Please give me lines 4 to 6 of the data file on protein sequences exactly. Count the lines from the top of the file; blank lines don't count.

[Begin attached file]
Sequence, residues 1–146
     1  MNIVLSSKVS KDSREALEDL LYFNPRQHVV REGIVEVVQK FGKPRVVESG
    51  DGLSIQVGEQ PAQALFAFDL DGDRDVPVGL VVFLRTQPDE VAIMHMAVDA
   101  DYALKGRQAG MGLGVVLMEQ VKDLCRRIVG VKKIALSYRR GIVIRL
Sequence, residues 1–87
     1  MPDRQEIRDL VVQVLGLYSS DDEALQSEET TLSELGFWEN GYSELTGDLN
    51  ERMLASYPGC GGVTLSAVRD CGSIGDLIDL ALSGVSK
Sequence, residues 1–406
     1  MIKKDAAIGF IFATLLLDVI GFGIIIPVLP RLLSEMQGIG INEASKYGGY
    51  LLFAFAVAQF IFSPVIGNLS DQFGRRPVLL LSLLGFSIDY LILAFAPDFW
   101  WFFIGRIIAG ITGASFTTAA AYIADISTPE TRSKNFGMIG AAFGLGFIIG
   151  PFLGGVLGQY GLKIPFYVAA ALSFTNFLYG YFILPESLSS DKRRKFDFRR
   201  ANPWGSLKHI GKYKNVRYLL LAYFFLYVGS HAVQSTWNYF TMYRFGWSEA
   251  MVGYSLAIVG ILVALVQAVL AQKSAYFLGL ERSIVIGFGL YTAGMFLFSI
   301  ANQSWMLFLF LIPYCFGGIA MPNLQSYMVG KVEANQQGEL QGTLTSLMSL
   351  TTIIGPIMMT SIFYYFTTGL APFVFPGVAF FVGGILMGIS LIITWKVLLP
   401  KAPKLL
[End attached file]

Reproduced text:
   101  DYALKGRQAG MGLGVVLMEQ VKDLCRRIVG VKKIALSYRR GIVIRL
Sequence, residues 1–87
     1  MPDRQEIRDL VVQVLGLYSS DDEALQSEET TLSELGFWEN GYSELTGDLN